“It’s a very small percentage lost to evaporation,” Hanak said. And in the real world, farmers actually end up using more water when they switch to efficient irrigation, she said. That’s because upgrading irrigation boosts yields: Tomatoes have been setting yield per acre records every year, because farmers have come up with better techniques based on drip irrigation. You can see the same thing going on with onions, bell peppers, and cotton. With flood irrigation, water flows through farms. With drip irrigation farmers can capture more of that water and grow more food.
The end result: Irrigation upgrades increase farm productivity and profits, but also tend to increase the farm’s net water use. “Irrigation efficiency doesn’t save water for the system as a whole,” Hanak said — blowing my mind.
OK, now I know nothing. What is water even for?
Assumptions are useful things — they provide a foundation for understanding the world. The more I read and talked to experts, the less of that foundation I had left, and I found myself asking the most basic question: What is water for?
Well, it’s for drinking. That’s pretty important.
It’s for growing food — at least a bare minimum to feed ourselves.
After that, keeping fish alive and ecosystems healthy is a priority — at least for me.
But even in this historic drought, California has plenty of water left over after those uses. So then we move up the hierarchy of needs to things like lawns and golf courses, and farming as a business (beyond the subsistence level). Hey, we have some of the best growing conditions in the world; maybe we should use the rest of this water to stimulate our economy and export food like almonds.
That’s basically the way that water is divided up at this point. As climate change reduces the water stored in the snowpack, and as populations grow, there will be less water to go around. The system is already under enormous pressure — there’s not going to be a solution that will make everyone happy.
The least societally important, and least profitable use of water, I suspect, will be farming. Cities will expand, and farms will shrink. We already see that shift happening. Since 2000, farm water use has declined. A lot of that decline comes from farmers taking marginal land out of production, Hanak told me. At the same time, farm income is up: Farmers can afford to give up land because they are planting higher-value crops (like almonds) on the rest of their acreage.
What then do we do?
Most places in California have plenty of water to keep humans alive. But, there are neighborhoods in agricultural areas that have lost their drinking water because farmers with deep straws have sucked the wells dry. Some people are beginning to suffer from this classic example of the tragedy of the commons. And it’s always the poor who suffer most.
My first reaction is to look for forceful solutions: Perhaps local governments could stop giving permits to drill wells in sensitive areas. Some are trying to do that, though it can backfire, and may not hold up in court.
People like to seek villains by pointing at almonds or alfalfa (to feed cattle), but it would be nearly impossible to change water use by telling farmers what they can and can’t plant.
“We will be in court arguing for decades if we try to regulate where crops are grown,” said Renata Brillinger, executive director of the California Climate and Agriculture Network, speaking on a panel about farming in California’s drought put on by the Berkeley Food Institute.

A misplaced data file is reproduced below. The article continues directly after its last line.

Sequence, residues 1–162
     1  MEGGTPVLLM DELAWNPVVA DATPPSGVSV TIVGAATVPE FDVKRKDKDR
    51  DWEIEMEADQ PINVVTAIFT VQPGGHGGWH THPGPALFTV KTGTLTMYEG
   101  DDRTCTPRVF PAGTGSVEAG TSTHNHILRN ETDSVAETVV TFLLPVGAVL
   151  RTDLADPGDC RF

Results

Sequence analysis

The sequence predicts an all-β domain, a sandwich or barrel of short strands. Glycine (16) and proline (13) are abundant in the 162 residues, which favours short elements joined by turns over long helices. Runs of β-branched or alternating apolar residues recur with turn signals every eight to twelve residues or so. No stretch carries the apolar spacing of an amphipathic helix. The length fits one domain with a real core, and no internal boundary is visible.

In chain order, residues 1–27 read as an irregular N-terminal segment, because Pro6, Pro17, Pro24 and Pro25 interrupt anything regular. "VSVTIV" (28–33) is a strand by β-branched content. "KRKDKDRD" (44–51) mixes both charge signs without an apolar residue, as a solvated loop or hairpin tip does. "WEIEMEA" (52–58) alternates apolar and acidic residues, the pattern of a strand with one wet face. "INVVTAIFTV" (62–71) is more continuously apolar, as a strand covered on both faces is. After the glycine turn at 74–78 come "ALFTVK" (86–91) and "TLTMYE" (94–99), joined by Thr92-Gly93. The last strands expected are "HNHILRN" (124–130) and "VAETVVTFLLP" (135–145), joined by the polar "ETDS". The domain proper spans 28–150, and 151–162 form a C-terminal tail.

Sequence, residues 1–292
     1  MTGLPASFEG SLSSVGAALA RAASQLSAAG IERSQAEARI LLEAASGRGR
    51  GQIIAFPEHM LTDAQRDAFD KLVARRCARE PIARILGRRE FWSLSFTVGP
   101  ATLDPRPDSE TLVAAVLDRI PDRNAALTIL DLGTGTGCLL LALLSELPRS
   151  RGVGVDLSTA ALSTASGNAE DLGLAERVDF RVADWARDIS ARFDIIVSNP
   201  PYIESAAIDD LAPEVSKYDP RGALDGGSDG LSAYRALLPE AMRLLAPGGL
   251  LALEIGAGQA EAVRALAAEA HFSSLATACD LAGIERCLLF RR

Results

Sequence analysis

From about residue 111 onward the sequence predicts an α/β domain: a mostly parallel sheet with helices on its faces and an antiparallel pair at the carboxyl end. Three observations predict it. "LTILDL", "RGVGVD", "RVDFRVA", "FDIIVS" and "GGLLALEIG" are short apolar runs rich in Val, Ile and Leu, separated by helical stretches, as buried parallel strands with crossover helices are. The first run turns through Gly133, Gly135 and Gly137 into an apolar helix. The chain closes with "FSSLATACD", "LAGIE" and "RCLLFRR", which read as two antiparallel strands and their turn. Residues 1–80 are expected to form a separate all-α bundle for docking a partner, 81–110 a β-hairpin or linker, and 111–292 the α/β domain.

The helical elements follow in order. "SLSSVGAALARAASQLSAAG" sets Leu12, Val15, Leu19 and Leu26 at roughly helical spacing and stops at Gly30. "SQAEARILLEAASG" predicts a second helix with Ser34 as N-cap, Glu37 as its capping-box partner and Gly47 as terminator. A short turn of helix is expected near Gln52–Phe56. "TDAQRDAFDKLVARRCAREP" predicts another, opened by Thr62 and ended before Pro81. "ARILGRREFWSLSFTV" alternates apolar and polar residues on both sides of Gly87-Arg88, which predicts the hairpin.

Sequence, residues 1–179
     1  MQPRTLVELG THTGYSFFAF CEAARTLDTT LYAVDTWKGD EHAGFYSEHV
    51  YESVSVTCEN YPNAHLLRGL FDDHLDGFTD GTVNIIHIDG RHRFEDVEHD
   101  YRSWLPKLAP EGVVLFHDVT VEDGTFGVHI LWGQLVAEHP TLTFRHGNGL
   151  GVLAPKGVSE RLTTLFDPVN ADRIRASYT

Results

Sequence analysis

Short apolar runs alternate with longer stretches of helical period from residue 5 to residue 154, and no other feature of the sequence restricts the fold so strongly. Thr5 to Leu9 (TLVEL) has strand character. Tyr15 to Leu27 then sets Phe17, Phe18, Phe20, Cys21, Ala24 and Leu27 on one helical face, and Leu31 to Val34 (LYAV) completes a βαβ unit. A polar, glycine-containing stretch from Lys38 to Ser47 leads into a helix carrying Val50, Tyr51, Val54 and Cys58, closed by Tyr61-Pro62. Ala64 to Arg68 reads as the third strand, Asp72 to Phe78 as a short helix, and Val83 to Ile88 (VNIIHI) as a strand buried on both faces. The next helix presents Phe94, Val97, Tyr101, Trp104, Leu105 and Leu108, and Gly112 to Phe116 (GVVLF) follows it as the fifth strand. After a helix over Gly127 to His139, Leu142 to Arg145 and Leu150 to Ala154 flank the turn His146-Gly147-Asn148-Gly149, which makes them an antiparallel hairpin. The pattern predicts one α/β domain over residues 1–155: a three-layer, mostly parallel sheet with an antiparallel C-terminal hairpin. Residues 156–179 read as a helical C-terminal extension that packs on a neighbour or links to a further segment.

It seems self-evident to me that society has an urgent duty to take care of people who lose their water. But when it comes to fixing the systemic problem, it’s probably better to be patient. California communities have to set groundwater management rules by 2020. This is ridiculously late — think of all the expense and strife we could have saved if we had started managing groundwater 20 years ago. But we seem capable of making hard decisions only when we have no other choice — the challenge is to make thoughtful decisions, rather than panicked ones that we’ll regret.
The legislature could have imposed rules from above that would be in place now, but lawmakers wanted to allow the people to craft rules that were contextually appropriate. That seems wise to me. It doesn’t make sense to implement the law overnight, Hanak told me, but it would be in the best interest of many farm communities to make rules sooner rather than later — so they don’t have to wait until 2020.
Meanwhile, we should still be pushing water-conservation practices. Even if irrigation efficiency doesn’t add water to the system, it does clean up the environment, while making California’s farm economy more resilient to climate change.
Instead of taking a reductive approach and looking for a simple evil to vanquish, Brillinger said, we have to understand the system and, as Wendell Berry put it, solve for pattern. Instead of trying to solve problems with centralized, top-down control, we need rules informed by local knowledge and crafted by local water users. Instead of focusing only on big technological solutions, like desalinization plants and dams, we need to look for small-scale and biological solutions, she said. The “only” there is key: The big engineering projects could really help in the crunch times, but they’re not going to make this problem go away.
Humans faced with a crisis want to find a villain, pick a fight, and exercise quick, top-down action to bring the accused to justice. This kind of thinking may make sense in a small tribe, but it’s all wrong for a complex societal problem like California’s drought. It’s especially hard to avoid this reductive thinking when conventional wisdom is peppered with misconceptions. California may be getting drier, but we’re still awash in water myths.